Wordless picture books


I’ve started creating a page on wordless picture books on the teacherwiki, and I have just discovered the wonderful world of David Wiesner. This creator of wordless picture books has a fabulously whimsical and quirky imagination that really comes through in his works.

The two titles I read today were “Sector 7” and “Flotsam”- two highly original and imaginative stories. “Sector 7” is about a boy who meets a cloud and gets transported to the mysterious Sector 7- a type of weather factory that “designs” the different types of clouds and designates their destinations in the world to set weather patterns!!! However, the clouds are unhappy with the seemingly repetitive types of clouds that are being manufactured, so they employ the boy to draw new blueprints of fantastical desgins.

It’s an original take on the revolution, similar to the ideas in Geroge Orwell’s “Animal Farm” or from a child’s point of view, “Farmer Duck” by Martin Waddell (which I always refer to as ‘Animal Farm for children’!) Here the revolution takes place to make the world a much more joyous and beautiful place with the newly designed clouds taking to the sky.

We did a bit of a brainstorm about the possible KLA links with “Sector 7” and we came up with a lot of ideas. Cross-curricular links could be made with: Science (formation of clouds, types of cloud, weather), CAPA (architecture of buildings, MC Escher, not to mention drama and dance activities such as machines, hotseating, dance a page) and maths (patterns and algebra, latitutdes and longitudes, time)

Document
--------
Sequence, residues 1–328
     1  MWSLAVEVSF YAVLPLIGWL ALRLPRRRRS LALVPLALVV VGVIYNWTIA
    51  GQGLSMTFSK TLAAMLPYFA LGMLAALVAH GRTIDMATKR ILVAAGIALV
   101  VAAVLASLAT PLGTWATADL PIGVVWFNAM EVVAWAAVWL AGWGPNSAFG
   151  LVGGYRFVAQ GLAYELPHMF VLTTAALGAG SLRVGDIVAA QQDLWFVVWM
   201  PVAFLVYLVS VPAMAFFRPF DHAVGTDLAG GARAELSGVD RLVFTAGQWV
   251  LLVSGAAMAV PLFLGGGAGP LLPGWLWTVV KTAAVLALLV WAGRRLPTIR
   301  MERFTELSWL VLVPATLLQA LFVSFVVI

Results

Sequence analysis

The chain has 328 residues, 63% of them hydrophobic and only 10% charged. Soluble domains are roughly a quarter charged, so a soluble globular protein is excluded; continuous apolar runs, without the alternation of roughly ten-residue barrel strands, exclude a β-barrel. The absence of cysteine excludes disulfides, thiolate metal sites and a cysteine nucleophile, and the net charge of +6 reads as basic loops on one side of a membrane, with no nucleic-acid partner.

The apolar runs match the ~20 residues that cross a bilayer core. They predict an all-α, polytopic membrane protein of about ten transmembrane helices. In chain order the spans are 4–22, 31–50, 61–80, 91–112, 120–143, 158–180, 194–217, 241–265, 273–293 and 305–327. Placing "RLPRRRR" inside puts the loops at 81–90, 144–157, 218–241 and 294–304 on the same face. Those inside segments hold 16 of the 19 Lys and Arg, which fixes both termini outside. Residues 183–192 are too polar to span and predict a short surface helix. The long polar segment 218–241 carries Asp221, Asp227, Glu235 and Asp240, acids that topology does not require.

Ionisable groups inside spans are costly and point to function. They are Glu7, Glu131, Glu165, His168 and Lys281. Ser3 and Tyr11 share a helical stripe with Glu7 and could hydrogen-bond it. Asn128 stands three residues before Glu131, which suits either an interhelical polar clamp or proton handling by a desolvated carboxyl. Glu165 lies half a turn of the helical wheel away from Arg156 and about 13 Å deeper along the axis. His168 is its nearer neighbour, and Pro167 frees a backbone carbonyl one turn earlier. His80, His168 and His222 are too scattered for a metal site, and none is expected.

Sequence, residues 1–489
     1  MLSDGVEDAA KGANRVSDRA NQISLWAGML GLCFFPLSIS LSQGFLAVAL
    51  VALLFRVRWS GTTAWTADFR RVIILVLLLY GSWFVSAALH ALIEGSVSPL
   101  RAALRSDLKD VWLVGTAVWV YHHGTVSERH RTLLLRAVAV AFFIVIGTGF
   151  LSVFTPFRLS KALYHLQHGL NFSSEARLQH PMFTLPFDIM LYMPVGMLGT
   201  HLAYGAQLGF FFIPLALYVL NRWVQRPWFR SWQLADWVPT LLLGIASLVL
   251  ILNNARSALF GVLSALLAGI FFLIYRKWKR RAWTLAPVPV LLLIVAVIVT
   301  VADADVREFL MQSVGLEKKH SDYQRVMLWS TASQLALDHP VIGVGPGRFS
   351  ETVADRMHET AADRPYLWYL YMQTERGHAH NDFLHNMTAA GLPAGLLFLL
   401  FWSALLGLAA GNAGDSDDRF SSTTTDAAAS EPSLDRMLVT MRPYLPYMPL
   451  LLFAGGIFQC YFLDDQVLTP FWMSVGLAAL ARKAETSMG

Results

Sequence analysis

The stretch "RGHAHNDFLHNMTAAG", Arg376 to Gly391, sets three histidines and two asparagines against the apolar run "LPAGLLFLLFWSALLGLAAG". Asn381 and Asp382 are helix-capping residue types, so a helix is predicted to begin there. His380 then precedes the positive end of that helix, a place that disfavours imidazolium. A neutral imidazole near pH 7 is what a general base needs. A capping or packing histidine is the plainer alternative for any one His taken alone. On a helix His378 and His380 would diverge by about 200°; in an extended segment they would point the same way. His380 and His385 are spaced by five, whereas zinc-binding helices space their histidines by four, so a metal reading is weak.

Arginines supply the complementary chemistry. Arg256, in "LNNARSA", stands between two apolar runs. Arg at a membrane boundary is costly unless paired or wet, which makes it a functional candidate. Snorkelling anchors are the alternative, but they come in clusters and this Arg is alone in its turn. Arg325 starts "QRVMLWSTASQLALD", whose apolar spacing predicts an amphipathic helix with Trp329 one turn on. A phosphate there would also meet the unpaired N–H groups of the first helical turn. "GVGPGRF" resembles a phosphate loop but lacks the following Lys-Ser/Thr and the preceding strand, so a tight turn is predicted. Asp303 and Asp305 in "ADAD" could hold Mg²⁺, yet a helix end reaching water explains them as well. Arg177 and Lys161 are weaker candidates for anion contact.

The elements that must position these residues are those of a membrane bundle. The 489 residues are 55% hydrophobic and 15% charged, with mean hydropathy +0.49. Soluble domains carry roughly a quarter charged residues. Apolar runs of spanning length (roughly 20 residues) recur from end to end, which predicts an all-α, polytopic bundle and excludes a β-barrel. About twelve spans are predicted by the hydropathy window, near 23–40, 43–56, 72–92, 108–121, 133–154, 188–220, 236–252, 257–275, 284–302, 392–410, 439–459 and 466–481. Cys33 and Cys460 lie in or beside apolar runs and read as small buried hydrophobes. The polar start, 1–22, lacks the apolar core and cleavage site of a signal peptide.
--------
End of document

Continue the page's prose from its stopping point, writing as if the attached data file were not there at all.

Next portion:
Also, I find the reading of wordless picture books fascinating- the cultural “milieu” required to read and understand wordless picture books is an extremely complex process. A reader of wordless picture books must activate their prior knowledge about how narratives work in order to make meaning from it. This has implications for children who are reluctant readers or writers. For the former: I think that all children will be able to read and understand the story of wordless books, because they are activating their knowledge of images and visual grammar. I conjure up images of children poring over the illustrations time and time again, and finding new meaning and new connections each time. For the latter: wordless picture books can be used in the classroom for creative writing- students can write the narrative behind the pictures, or even the speech bubbles in a comic strip style format.


One response »

  1. I love Wiesner’s books. Have you looked at Gregory Roger’s books as well? I particularly like “The Hero of Little Street”. For younger readers the classic “Good Dog, Carl” by Alexandra Day is easy to identify with.

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